message 19: by ABC (new)

ABC (mary6543) | 341 comments I missed out on Pippi Longstocking! It never appealed to me when I was a child. I am reading it to ds now and it is quite funny.


message 20: by Brenda (new)

Brenda | 192 comments I too missed out on reading Pippi Longstocking but plan to catch up on the book really soon. Is their an addition that is better than another? I really loved the movie.


message 21: by ABC (new)

ABC (mary6543) | 341 comments I think there are various editions of Pippi. The one I read has some racist bits in it (Notably: "Her skin was as dark as a slave-girl", or something like that.)

I think the IT version now is the Lauren Child versionPippi Longstocking Gift Edition which looks super cute and I assume has the offensive parts cut out.


message 22: by Brenda (new)

Brenda | 192 comments Lauren Child sure made Pippi look alot like her character Lola.


message 24: by [deleted user] (new)

I still haven't read Little Women.


message 25: by Lisa (new)

Lisa Vegan (lisavegan) | 1077 comments Jeannette wrote: "I still haven't read Little Women."

Jeannette, You really must rectify that situation. ;-)

Well, I feel that way about most of the books people have mentioned in this thread, and definitely about all the books I've yet to read.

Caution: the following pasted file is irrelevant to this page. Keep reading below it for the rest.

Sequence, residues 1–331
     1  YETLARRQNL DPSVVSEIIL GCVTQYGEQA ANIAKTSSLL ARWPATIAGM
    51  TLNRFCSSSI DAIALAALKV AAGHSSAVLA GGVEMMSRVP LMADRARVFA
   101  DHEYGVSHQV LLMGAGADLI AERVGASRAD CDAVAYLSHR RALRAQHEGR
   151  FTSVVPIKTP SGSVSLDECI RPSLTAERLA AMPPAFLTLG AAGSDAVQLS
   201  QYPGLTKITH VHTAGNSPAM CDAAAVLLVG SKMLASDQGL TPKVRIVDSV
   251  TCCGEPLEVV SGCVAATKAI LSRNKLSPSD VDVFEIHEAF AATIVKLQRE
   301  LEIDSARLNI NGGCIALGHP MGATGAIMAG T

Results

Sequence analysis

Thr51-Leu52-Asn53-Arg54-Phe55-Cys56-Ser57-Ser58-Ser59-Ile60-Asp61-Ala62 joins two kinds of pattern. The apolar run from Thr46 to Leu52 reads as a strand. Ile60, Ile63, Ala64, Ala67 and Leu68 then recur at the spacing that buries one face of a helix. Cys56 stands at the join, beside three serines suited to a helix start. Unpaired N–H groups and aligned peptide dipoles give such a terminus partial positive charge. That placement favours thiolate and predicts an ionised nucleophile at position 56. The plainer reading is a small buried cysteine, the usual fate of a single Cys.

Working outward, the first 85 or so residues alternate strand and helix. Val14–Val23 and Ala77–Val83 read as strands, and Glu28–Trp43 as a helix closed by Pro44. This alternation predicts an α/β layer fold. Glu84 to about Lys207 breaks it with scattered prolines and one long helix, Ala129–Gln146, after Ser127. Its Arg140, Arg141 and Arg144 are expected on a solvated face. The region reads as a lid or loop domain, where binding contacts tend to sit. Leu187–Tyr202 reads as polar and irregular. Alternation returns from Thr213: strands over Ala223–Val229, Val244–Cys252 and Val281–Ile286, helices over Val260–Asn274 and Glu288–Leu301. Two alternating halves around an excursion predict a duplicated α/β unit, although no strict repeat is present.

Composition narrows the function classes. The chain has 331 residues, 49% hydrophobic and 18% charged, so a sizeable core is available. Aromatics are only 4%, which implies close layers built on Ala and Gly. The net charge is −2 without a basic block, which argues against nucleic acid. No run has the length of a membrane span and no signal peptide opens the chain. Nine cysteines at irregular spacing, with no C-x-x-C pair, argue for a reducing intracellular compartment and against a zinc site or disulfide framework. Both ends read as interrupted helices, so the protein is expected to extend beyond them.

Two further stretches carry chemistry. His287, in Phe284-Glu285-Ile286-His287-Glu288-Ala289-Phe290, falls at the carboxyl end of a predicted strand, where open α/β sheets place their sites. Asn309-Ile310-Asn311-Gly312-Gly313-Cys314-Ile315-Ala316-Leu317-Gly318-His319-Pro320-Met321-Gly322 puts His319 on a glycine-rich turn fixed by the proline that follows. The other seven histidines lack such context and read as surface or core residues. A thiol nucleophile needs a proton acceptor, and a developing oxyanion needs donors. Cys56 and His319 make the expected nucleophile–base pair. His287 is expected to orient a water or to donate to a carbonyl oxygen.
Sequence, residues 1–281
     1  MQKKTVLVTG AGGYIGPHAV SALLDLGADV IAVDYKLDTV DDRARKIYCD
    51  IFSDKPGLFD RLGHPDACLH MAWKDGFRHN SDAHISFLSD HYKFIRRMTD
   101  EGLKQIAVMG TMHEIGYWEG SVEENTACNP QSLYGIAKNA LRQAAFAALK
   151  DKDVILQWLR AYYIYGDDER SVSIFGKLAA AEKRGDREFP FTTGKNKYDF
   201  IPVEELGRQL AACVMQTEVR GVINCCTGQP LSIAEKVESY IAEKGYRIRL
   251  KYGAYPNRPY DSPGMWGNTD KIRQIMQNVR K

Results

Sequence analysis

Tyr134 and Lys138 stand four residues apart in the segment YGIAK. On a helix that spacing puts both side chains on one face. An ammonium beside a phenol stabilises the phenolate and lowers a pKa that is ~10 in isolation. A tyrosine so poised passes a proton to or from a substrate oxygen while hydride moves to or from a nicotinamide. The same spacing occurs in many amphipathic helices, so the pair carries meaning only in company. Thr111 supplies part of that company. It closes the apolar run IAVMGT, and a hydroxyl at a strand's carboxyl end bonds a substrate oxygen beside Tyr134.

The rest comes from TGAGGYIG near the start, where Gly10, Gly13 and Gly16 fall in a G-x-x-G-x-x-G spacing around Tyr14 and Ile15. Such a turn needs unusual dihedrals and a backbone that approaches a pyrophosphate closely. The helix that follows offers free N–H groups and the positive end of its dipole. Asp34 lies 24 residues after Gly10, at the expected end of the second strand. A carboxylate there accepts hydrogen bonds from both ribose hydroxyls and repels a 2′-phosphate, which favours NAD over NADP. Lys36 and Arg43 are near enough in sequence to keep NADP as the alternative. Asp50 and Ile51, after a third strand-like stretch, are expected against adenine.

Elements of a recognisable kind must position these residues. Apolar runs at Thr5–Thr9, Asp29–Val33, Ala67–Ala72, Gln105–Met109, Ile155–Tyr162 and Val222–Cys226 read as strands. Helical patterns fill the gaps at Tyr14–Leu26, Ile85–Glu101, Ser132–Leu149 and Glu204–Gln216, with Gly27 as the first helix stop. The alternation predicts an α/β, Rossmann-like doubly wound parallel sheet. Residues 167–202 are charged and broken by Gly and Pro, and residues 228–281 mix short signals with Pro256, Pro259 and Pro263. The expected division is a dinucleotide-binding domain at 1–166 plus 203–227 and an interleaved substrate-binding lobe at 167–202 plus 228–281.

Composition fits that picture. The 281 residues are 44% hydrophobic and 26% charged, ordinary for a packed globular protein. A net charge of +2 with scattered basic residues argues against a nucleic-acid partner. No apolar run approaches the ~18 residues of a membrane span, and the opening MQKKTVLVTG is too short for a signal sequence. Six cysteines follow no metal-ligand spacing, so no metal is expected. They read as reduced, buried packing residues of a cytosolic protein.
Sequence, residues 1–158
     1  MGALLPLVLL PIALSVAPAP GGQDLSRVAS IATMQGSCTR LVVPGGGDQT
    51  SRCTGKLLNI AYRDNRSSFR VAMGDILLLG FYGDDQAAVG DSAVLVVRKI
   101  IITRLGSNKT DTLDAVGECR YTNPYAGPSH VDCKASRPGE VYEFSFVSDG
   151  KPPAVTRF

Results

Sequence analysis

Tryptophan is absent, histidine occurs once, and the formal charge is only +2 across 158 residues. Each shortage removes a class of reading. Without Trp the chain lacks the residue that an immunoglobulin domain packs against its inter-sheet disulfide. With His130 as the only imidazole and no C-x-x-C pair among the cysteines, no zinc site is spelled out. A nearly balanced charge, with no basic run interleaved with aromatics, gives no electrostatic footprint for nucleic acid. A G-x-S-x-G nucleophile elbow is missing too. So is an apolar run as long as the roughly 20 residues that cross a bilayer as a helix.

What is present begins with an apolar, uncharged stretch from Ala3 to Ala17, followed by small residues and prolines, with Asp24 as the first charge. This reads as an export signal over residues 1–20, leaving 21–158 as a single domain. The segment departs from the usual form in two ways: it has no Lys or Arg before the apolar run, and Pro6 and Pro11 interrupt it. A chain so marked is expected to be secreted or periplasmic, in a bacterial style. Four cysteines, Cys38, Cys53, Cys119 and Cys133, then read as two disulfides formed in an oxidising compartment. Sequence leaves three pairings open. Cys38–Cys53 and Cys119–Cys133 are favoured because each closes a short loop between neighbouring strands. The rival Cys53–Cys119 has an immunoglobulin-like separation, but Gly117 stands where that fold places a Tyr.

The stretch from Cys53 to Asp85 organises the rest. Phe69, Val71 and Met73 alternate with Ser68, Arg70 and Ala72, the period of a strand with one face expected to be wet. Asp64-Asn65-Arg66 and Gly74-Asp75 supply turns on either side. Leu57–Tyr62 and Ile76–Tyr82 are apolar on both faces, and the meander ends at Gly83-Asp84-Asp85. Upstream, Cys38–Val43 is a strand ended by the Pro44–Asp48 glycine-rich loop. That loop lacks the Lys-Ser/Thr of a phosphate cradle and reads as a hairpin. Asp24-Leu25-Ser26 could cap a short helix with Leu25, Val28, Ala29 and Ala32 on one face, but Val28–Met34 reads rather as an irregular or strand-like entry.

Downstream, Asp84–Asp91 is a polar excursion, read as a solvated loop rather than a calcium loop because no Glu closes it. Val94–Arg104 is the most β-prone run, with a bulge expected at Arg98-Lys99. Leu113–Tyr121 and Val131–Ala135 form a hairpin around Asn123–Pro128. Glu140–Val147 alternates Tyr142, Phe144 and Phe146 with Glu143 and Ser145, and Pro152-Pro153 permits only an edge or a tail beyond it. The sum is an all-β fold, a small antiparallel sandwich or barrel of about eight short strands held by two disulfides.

message 26: by [deleted user] (new)

Lisa wrote: "Jeannette wrote: "I still haven't read Little Women."

Jeannette, You really must rectify that situation. ;-)

Well, I feel that way about most of the books people have mentioned in this thread, an..."


It's funny, because my daughter just read it, maybe two years ago, after much insisting on my part. She enjoyed it so much she read it a second time immediately following the first read. I do have it on my list.


message 27: by Lisa (new)

Lisa Vegan (lisavegan) | 1077 comments Jeannette, It's one of my childhood favorites and I've continued to enjoy it with every reread.


message 28: by Manybooks (new)

Manybooks | 8489 comments Mod
Lisa wrote: "Jeannette wrote: "I still haven't read Little Women."

Jeannette, You really must rectify that situation. ;-)

Well, I feel that way about most of the books people have mentioned in this thread, an..."


I agree with Lisa, read the book, it is excellent, and I'm sure you won't be disappointed. I also find that with every reread, I get something more and something different from the book.


message 29: by Lisa (new)